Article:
The best time to invest in friendships was 20 years ago. The second best time is now. Chinese Proverb
Adult Discussion Questions:
What stuck out to you from the sermon? What was challenging to you? What was new? Had you thought about friendship being more important than family before? What do you think of that? How have you seen it be true that friendships determine the quality and direction of our lives? Who are your closest friends? Are they trustworthy and honest? Who should you be investing in? And how can you be better investing in them?
Discussion Questions / Responses for Young Families
Talk to your kids about the importance of friendship and how it determines our quality of life. Ask them who their best friends are? And ask them are they wise friends? Do they make good choices? Help them to think through making the best friends.
Challenge for the Week: Choose to invest in friendships this year.
In the past two weeks, in my family we’ve had two deaths, and two funerals in a week. I lost my grandma, and my wife lost her grandfather.
I use that language in a specific way of “lost” in a specific sense. We, of course, haven’t actually “lost” them, as if we don’t know where they are. Both of them are with Jesus without a shadow of doubt. But their being with Jesus is a “loss” for us because we love and miss them.
And as I think about them both I’ve come to realize something important that they both lived out. Both my grandma, and Krista’s grandfather lived in a way that was unique. They both realized that family isn’t something you are born into, family is something you build.
Think about that for a moment, because it’s true, but it’s something we forget.
Families aren’t born, but built.
And both my grandma and Krista’s grandfather got this. They invested in their families, they welcomed new people into the family, and toiled at building a family that lasts and matters. And as I look upon their legacy, I’m reminded that they have a legacy because they built into their families. They didn’t just talk about love, or take family for granted, they invested in it, fostered in it, and created it. And I think this matters.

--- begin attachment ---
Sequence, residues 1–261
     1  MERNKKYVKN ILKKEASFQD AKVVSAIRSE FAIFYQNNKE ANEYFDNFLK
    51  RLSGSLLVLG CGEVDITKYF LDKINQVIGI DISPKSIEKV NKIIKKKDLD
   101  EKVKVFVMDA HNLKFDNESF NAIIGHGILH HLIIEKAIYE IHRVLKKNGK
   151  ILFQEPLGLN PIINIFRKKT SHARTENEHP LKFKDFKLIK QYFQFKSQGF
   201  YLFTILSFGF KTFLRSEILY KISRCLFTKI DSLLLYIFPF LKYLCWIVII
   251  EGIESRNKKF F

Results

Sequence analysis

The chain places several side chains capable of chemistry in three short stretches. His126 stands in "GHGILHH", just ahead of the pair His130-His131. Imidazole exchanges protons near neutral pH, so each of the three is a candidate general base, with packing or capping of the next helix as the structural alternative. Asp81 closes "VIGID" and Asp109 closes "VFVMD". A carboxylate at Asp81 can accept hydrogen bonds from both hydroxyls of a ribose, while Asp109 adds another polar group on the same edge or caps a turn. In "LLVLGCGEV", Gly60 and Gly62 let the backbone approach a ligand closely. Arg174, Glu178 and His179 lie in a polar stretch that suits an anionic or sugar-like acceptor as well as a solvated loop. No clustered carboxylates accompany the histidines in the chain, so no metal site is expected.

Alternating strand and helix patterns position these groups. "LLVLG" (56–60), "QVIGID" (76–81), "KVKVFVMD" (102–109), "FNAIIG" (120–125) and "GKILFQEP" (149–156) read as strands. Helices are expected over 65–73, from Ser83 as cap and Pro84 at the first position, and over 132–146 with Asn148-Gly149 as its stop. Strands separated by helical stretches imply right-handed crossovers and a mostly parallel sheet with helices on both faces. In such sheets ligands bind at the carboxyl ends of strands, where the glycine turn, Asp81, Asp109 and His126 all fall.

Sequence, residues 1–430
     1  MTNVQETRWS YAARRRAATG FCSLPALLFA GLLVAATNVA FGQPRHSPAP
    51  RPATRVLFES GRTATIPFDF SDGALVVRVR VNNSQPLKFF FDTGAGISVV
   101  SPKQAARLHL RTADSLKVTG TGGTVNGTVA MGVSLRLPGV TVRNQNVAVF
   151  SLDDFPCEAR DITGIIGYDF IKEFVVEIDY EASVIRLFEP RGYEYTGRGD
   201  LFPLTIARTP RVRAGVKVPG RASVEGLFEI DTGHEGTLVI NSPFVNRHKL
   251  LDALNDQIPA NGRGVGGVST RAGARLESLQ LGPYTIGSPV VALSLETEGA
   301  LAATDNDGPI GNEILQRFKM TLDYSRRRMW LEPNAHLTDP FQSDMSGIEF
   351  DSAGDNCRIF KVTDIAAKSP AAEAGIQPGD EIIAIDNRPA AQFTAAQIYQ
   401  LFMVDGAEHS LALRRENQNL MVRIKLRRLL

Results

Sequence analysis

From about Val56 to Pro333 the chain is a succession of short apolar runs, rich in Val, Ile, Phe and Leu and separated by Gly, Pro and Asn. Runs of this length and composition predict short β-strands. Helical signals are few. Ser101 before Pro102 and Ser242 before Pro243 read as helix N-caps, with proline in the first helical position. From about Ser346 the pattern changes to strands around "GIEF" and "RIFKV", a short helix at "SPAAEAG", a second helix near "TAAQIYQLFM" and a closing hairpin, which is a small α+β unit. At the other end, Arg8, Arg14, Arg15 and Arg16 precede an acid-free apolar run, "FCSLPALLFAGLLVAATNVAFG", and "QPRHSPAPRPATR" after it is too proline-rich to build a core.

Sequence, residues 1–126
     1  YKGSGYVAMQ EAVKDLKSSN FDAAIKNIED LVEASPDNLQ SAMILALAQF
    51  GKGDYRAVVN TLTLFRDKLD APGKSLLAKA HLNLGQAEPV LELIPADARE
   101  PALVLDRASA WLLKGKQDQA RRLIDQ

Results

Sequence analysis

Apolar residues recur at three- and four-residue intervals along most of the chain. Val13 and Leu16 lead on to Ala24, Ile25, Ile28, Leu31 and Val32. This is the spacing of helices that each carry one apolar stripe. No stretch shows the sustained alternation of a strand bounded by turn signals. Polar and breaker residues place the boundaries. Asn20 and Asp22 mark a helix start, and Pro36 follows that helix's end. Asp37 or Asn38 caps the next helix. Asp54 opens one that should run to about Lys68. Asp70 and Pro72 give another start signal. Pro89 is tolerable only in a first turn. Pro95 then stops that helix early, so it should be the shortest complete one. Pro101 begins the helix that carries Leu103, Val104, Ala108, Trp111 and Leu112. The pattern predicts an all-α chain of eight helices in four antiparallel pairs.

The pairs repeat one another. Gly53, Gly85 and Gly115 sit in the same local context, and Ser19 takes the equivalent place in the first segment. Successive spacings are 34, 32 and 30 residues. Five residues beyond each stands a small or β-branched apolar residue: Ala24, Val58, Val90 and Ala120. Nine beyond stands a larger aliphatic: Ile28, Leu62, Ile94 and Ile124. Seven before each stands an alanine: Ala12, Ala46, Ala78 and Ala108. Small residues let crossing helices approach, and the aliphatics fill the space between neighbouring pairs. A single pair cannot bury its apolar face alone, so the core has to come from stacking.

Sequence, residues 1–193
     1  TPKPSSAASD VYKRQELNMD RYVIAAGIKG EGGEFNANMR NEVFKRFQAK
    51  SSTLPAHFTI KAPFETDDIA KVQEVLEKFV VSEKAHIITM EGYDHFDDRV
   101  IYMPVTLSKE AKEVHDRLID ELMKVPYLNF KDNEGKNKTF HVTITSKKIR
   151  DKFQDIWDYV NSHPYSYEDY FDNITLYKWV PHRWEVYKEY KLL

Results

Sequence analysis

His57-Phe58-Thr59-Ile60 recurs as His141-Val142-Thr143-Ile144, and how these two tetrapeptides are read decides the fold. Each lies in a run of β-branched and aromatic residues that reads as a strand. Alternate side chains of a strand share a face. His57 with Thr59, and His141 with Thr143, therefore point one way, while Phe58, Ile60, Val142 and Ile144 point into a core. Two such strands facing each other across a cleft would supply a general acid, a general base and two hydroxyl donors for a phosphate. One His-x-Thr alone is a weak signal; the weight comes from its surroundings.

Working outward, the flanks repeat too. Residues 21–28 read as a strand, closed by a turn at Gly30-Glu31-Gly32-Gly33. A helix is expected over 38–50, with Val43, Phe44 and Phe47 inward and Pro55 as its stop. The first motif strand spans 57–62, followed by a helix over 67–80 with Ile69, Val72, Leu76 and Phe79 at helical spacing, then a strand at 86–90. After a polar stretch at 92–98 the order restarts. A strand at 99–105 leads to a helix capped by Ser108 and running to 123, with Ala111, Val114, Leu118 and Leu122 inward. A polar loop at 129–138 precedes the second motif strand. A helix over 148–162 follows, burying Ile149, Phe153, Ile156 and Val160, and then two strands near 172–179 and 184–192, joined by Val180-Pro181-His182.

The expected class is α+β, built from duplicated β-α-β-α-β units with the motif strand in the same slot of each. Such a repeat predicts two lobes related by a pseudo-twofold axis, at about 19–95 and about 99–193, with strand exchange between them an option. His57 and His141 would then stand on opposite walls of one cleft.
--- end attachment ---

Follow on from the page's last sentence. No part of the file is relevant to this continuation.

So I’ve been thinking a lot about my own life in relation to this. Am I building my family, or taking it for granted? Am I investing in my relationships, or coasting? Because building a family takes effort, it takes time, and it will last beyond a life-time if you do it well.
There are many things that push and pull for our attention: deadlines, obligations, and expectations. But what I’ve been reminded of these past few weeks is that what really matters is building family and friendships. Deadlines, work, and obligations will come and go, but family and friendships can last for lifetimes if we build them well.
So my challenge to all of you is simple: build family and friendships well. Because as grandpa always said, “listen to the wisdom of those older”. And some of the wisdom I’ve learned from both my grandma, and Krista’s grandpa is that family is built, not something you are just born into.
This week I was sitting in my office writing a sermon.I heard a faint knock on my door and in walked a youth from our church. She had made this for me.
She gave it to me as a gift to say thank you for being her pastor. We chatted briefly and she left. As I was reflecting on this small and simple gift ~ it struck me how profound it was. Here was someone thanking me for being their pastor. But all I could think of is how thankful I am that I get to be her pastor.
So this week I found Jesus in a small and simple act. But those are the acts that are often the most meaningful. Mother Theresa said famously “Do small things with great love”. And this is what this youth did. A small act, but an incredibly meaningful and encouraging act.
So this week don’t focus on doing something huge for someone. Do something small, meaningful, but make it full of great love and demonstrate Jesus to others.
This picture is now hanging in my office. Luckily I have a huge empty space on my wall where I could put it up. And this picture makes that space feel a bit fuller. And the amazing thing is that it did the same for me in my life. It made my life feel a lot fuller…
So on Sunday we talked about joy. And this video gives me a lot of joy so I thought I’d share it. It helps that I’m in it, but when kids laugh so hard they can’t stand how can you not have a little joy?
The thing that struck me is that so often joy isn’t dependent on what you are doing but who you are with. Here with Hudson what matters is that we’re playing together. The who matters more than the what.
So spend a moment and think about who gives you joy in your life. Is it a friend, family member, or even God himself? Then plan sometime to be with them this week. It probably doesn’t matter so much what you do, but that you do it together.
And if you don’t know what to do…may I suggest hitting a ball with your head?